The Struggle for Freedom


            Namdhari Movement.   Even after the Great Uprising of 1857, pockets of resistance remained throughout the country and found expression in local movements.  One of the most significant of such efforts to expel the British was the Namdhari Movement popularly known as Kuka Movement initiated by Bhai Ram Singh on 1 April 1857 at the village Bhaini Sahib in the Ludhiana District.  He was a simple peasant but had great personal qualities which attracted the loyalty and allegiance of large sections of people in the Punjab.  A man of the people, Bhai Ram Singh knew of the hardships and sufferings of the ordinary peasants and based his movement on a redress of their grievances.  He had served as a soldier in the Sikh Army and had been influenced by the idea of Sikh dominion over the Punjab.  With his deep insight into human character, he realized that neither political liberation nor social and economic uplift would be possible without an improvement in the quality of the individual.  He, therefore, placed great stress on moral qualities and sought to inculcate in his followers a spirit of religious devotion and service.  Within a few year, Bhai Ram Singh developed into Guru Ram Singh with a considerable following in Ludhiana and adjoining areas.1


1 Fauja Singh Bajwa, Kuka Movement (Delhi, 1965), (pages viii and ix of the Foreword)


            Within a short period, Namdhari Movement spread in the rest of Punjab including the area of present Bathinda District.  ‘Mastana Dal’ of this Movement included many revolutionaries from Bathinda District who took an active part in the freedom struggle.  In July 1871, Gurmukh Singh, Mangal Singh and Mastan Singh of Village Pitho, then part of Phul District of Nabha State (now in Rampura Phul Tahsil of Bathinda  District) attacked and killed the butchers of Raikot (Ludhiana District) who used to injure the feeling of the Hindus and the Sikhs by slaughtering the cows.  These persons were captured and hanged in Raikot.2  It was under the Movement that Ram Singh and Sham Singh of village Joga, Mansa Tahsil of Bathinda District, were among those who were shot dead at Malerkotla under orders of the British Rulers.  Besides these incidents, the Namdharis of Bathinda District took an active part in the freedom struggle of the country. However, the movement was ruthlessly suppressed by the British in 1872.


2      Punjabi Tribune, March 1985


            It is true that the Namdhari Movement did not succeed, but nevertheless it left a permanent impression on a large section of the people.  The insistence of Guru Ram Singh on self-reliance helped in developing among them their system of justice and communication.  This was a considerable achievement in view of the prevailing circumstances.  Even more remarkable was the Kuka insistence on growth of indigenous agriculture and trade.  In some respects, Guru Ram Singh had anticipated the non-cooperation movement of 1921 in his idea of boycott of British institutions in the country.  It is also claimed that the Kuka movement directly influenced the Ghadar  and other political movements in the Punjab in early twentieth century.3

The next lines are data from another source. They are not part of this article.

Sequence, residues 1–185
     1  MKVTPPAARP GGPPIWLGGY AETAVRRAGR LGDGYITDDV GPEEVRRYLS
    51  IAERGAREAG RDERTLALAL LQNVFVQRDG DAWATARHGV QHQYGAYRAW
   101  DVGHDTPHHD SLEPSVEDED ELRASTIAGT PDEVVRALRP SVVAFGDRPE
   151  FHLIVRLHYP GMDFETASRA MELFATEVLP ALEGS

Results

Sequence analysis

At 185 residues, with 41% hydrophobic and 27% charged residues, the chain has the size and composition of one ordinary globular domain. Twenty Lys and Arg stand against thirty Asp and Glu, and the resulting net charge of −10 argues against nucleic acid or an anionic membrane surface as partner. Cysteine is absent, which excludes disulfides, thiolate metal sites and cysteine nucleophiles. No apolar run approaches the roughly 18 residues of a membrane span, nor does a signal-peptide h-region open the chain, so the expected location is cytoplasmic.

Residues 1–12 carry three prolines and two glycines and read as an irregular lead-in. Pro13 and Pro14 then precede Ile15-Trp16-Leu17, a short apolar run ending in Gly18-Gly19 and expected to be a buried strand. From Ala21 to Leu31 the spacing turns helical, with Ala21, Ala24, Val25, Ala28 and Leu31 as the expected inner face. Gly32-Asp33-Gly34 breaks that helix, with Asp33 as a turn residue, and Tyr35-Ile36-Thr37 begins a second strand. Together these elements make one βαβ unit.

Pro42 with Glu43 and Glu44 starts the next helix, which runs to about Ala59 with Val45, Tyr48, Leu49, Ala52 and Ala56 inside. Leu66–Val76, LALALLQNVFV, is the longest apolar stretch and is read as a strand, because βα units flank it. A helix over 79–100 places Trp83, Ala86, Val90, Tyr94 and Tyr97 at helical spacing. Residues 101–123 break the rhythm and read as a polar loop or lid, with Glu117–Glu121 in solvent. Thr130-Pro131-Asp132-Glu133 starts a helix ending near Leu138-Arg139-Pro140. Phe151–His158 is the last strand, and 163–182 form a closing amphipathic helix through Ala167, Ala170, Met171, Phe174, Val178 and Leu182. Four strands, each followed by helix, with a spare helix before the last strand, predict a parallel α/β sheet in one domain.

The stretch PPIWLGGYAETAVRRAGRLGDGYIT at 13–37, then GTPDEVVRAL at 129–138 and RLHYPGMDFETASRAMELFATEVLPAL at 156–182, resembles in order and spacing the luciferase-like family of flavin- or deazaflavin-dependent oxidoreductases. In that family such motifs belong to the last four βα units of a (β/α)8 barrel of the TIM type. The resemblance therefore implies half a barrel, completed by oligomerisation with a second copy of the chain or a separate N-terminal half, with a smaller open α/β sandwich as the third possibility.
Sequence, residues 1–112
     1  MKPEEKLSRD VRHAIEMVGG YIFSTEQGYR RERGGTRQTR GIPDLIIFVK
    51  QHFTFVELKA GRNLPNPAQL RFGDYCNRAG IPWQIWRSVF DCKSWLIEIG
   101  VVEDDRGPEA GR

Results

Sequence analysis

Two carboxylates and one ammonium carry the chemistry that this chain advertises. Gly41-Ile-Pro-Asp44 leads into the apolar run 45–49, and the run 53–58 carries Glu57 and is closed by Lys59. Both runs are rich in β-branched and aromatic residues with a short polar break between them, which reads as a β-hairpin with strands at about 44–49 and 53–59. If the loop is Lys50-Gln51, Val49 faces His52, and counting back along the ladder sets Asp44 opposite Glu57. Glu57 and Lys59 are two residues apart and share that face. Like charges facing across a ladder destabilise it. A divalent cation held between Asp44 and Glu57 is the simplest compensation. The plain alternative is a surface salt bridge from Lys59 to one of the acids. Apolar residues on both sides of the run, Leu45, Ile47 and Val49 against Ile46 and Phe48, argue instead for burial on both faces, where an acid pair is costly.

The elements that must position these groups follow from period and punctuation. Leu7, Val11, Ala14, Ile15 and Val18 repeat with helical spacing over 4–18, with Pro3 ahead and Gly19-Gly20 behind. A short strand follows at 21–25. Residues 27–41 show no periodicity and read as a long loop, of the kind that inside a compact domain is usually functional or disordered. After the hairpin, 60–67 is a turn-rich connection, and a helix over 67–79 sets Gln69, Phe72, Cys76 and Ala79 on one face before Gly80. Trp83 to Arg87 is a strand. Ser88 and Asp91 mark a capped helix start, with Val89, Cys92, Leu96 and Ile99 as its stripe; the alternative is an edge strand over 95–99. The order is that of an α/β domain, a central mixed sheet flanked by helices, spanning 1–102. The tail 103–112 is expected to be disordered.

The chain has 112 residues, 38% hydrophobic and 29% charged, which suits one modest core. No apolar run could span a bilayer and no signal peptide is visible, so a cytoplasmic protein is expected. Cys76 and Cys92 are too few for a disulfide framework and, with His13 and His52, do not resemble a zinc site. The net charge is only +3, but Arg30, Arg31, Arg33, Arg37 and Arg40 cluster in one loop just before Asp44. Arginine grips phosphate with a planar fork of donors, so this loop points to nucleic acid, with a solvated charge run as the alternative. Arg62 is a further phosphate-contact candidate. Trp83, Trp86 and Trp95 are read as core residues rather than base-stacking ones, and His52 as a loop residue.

3  Fauja Singh Bajwa, Kuka Movement (Delhi, 1865) (page x of the Foreword)


            The Ghadar Movement. – The Ghadar Movement was the first purely secular movement which aimed at to liberate India by force of arms.  The rebellion was planned in the United States and Canada.  Funds were raised from Indians living in foreign countries.  The headquarters of the movement was at San Francisco.  Sohan Singh Bhakna was the President and Lala Hardyal was the General Secretary of the Party.1 Pt. Kanshi Ram of Rupnagar District was the treasurer of the Ghadar Party.  A weekly paper called Ghadar (The rebellion) was started with Lala Hardyal as Chief Editor.  Because of the journal, the Organisation came to be known as the Ghadar Party.


1   The Tribune, dated 30 June 1982


            In the first issue of Ghadar published on 1 November 1913, the objective of the party was stated in the following words; “Today, there begins in foreign lands, but in our country’s language, a war against the British Raj…….. What  is our name? Ghadar. What is our work? Ghadar.  Where will Ghadar break out? In India.  The time will soon come when rifles and blood will take the place of pen and ink.2


2   Khushwant Singh and Satindra Singh, Ghadar, 1915 (New Delhi, 1966), p. 19


The harassment of the passengers of the ship ‘Kamagata Maru’, mostly Punjabis, instigated the people of Punjab living in foreign lands to participate actively in the Ghadar Movement. Unfortunately, the movement failed because of the leakage of information by Kirpal Singh who had been planted by the British among the Ghadarites.


            In this context, it is worthwhile to mention here that there were many freedom fighters belonging to Bahtinda District who took an active part in the Ghadar Movement.  An article ‘Malwa De Gadri’ by Sarwan  Singh Bir appearing in the ‘Punjabi Tribune’ dated 26 January 1984, gives names of persons of this district who participated in this movement as follows :








Badan Singh S/o

Bhagel Singh


Delel Singh Wala



Kehar Singh S/o

Jhanda Singh





Arjun Singh S/o

Gobind Singh


Khiala Kalan



Ram Singh S/o

Gurmukh Singh